PCI, as a part of their guidance on PCI DSS, provides specific guidance on best practices. The basis of PCI best practice guidance states that security controls be implemented into business-as-usual (BAU). This is similar to the concept of data protection by default and design from GDPR Article 25.
The best practices are broken down into 6 recommendations, which at a high level are best practices for any information security management system (ISMS).
In addition, PCI recommends that organizations implement separation of duties. The concept ensures that there are independent checks on work. The engineers that implement encryption should not also act as the auditor to verify encryption.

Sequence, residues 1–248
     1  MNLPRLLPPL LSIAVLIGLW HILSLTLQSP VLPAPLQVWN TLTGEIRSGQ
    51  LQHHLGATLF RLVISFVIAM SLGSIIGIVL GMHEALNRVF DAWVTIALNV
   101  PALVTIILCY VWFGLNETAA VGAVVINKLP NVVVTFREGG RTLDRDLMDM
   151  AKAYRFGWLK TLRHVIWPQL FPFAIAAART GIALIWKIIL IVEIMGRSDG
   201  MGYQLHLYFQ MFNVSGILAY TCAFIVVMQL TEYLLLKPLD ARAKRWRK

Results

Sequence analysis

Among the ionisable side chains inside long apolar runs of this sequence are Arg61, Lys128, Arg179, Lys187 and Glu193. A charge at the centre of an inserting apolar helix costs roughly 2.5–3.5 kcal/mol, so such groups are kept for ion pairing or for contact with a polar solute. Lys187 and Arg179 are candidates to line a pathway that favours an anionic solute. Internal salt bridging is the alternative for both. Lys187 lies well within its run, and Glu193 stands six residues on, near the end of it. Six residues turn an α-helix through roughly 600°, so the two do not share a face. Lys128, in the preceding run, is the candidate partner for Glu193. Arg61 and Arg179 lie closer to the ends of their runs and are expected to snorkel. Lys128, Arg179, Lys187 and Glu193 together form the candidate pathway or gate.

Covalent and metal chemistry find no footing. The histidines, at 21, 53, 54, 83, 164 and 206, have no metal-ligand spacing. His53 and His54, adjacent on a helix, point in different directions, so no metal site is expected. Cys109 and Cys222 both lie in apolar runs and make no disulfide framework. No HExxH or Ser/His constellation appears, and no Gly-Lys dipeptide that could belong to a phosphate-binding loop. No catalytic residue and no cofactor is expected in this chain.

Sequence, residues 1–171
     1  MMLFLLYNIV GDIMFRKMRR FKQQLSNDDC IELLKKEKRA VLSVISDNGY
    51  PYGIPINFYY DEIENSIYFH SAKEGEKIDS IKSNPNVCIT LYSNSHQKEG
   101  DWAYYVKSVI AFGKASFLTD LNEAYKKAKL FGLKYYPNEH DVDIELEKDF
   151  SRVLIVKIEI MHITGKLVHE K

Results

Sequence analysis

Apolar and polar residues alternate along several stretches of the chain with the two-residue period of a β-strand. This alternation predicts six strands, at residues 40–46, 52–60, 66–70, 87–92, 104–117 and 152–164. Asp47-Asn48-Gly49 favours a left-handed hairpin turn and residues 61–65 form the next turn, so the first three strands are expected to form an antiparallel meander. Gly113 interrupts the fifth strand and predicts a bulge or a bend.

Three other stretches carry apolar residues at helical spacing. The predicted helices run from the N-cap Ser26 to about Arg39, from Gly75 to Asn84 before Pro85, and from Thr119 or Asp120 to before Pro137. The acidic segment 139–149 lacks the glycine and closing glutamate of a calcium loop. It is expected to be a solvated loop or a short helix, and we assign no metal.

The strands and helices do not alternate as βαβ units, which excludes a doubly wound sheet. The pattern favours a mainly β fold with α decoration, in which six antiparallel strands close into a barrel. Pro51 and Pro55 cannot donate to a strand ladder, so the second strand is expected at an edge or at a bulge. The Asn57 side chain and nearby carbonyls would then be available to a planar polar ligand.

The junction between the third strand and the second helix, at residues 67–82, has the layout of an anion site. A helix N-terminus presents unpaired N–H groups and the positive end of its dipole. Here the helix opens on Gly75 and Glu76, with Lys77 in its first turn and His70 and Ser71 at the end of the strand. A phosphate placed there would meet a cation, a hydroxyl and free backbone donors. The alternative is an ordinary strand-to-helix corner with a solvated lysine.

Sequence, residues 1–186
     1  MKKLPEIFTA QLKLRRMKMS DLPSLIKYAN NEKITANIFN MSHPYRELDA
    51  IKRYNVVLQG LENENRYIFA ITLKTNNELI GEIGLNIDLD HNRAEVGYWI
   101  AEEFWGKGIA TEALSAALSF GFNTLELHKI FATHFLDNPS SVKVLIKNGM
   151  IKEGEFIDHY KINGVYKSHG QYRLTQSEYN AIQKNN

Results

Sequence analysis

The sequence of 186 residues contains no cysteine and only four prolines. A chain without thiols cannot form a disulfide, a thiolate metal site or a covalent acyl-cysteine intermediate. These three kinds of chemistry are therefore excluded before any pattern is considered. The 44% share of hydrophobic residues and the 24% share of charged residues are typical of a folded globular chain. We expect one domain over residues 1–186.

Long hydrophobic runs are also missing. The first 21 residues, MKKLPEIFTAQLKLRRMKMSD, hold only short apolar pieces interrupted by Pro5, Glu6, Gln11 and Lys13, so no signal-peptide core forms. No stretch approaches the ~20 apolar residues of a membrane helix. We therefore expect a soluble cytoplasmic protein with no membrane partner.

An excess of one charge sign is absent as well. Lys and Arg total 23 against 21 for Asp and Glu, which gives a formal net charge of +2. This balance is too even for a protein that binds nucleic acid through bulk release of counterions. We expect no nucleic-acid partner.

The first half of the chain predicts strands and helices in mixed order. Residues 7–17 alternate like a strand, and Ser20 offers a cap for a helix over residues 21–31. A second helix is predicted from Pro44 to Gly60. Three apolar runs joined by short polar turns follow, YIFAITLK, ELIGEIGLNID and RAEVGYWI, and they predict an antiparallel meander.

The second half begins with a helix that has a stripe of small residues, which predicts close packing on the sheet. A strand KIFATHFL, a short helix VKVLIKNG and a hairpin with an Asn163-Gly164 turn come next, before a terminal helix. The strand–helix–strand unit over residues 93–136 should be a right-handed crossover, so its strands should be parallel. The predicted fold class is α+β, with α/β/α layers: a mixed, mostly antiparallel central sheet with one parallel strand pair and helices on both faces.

Additionally, though not explicitly included in PCI best practice guidance, segmenting networks so that cardholder data (CHD) is isolated from other networks is a way to reduce the scope of a PCI assessment and the risk to cardholder data. Defining the scope is the first step of a PCI assessment. Segmenting your network limits the scope of your PCI assessments and reduces the risk to CHD.
Not all entities, based on size and PCI level, need to be validated for each of these best practices.
Though the requirements themselves go into great detail, PCI DSS at a high level is focused on following best practices for security.